Incubators can provide a lifeline for biotech start-ups, but it makes a real difference if the companies know how to present themselves and find an incubator that’s right for them, according to a panel discussion with tips for biotech startups at the 2022 BIO CEO & Investor Conference, hosted by the Biotechnology Innovation Organization (BIO).
Taking place on the second day of the conference, the panel provided an overview of the role of incubators in the biotech ecosystem, looking at how small companies can benefit from these innovative communities, and where to focus their efforts once they get the initial support of an incubator.
The panel recommended that start-ups seeking funding must understand how the incubators prioritize the research projects that will get the most attention and, in some cases, funding.
Regardless of the size and the type of incubator, and the services they offer (such as mentoring and guidance, securing necessary labs and equipment or seed investment), the relationship starts with an application process, panelists said. Start-ups, therefore, should have a clear picture of what they need as an entrepreneur and what the incubator they are applying to is looking for.
Dr. Glennis Mehra, Director of Biolabs@NYULangone, said her incubator evaluates the applicants “based on the scientific foundations, specific team execution plans, and clear milestones as well as the economic impact and ecosystem impact”.
Vivian Doelling, VP of Investments of North Carolina Biotechnology Center (NCBiotech), said her incubator is looking at “team technology, IP, market competition, etc.” when selecting 20-25 out of 80 applicants a year so “it’s a pretty deep dive and due diligence” into those individual companies.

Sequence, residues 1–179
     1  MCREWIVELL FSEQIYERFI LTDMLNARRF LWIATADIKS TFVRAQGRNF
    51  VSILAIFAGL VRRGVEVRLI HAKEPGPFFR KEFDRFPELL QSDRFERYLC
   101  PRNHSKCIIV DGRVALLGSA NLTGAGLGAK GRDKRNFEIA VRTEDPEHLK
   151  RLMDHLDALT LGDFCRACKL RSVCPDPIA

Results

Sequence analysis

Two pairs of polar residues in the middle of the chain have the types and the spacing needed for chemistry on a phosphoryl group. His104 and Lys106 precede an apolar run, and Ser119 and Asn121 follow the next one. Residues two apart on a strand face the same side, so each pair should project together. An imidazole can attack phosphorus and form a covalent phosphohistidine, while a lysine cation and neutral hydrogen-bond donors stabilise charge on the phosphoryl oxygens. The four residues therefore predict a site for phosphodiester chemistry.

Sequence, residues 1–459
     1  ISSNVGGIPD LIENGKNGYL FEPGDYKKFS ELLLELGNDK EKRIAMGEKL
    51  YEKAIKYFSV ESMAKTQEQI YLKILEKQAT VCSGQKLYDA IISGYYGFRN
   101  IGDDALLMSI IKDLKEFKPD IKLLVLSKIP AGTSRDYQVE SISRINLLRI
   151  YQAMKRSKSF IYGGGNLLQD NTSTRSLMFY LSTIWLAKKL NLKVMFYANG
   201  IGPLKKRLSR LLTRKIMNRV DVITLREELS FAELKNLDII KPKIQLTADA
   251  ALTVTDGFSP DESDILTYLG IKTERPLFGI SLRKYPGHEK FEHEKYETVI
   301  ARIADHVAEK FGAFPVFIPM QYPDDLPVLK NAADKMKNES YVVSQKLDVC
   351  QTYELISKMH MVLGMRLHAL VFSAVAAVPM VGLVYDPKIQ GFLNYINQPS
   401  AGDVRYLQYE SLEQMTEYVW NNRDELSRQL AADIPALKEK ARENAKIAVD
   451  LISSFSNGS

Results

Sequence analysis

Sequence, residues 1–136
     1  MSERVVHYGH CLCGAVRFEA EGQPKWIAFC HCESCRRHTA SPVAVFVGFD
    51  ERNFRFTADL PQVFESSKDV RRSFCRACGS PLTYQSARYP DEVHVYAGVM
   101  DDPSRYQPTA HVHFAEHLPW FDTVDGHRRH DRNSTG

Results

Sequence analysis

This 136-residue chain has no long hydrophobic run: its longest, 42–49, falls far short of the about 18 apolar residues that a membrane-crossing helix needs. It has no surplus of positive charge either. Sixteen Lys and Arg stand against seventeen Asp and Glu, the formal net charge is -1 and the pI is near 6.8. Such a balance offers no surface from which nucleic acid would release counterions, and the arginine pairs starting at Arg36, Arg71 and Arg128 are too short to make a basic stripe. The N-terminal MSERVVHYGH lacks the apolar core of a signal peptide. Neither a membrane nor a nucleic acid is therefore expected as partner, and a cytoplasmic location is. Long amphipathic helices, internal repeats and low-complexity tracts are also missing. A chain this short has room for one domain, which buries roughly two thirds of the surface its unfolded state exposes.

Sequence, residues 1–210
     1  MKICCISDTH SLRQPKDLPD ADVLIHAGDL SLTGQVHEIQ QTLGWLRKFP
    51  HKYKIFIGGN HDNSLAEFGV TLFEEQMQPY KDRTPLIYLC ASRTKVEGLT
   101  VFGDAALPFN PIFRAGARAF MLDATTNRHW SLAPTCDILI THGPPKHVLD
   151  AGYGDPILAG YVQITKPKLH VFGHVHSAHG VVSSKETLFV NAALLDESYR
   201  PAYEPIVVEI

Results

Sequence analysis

Her tips for biotech start-ups: “build an IP strategy, make sure to have sound advice and a strategy to move forward, and that they have the expertise to ensure their IP strategy matches their company’s long-term plans.”
As moderator Chris Garabedian, CEO of Xontogeny noted, when promoting access to capital, incubators also have an evaluation process that helps them determine which of the applicants are ready for a funding pitch and, in line with the services they offer, they mentor start-ups and lead and connect them with potential investors and investor hubs, syndicate parties, and VCs.
Sally Allain of Johnson & Johnson JLABS emphasized the possibilities offered by the public-private partnerships, mentioning J&J’s Blue Knight initiative in partnership with the Biomedical Advanced Research and Development Authority (BARDA) that not only offers mentorship to companies that are working on next technologies, but also expert programming and sponsored residencies for some QFCs.
Julie Gilmore, COO of Business Development at Eli Lilly, recommends starting the initial dialogue regardless of how perfect you think your pitch might be, since “we do like engaging early, so take the lead.”
The tips for biotech startups that Christopher Jeffers, Managing Director of the funder Hibiscus BioVentures, offered: “reach out for help early and reach out to people that do development” since it’s a different world dealing with these venture communities. “It’s a lot harder to fix a company than to build it right,” he said, so the beginning is important.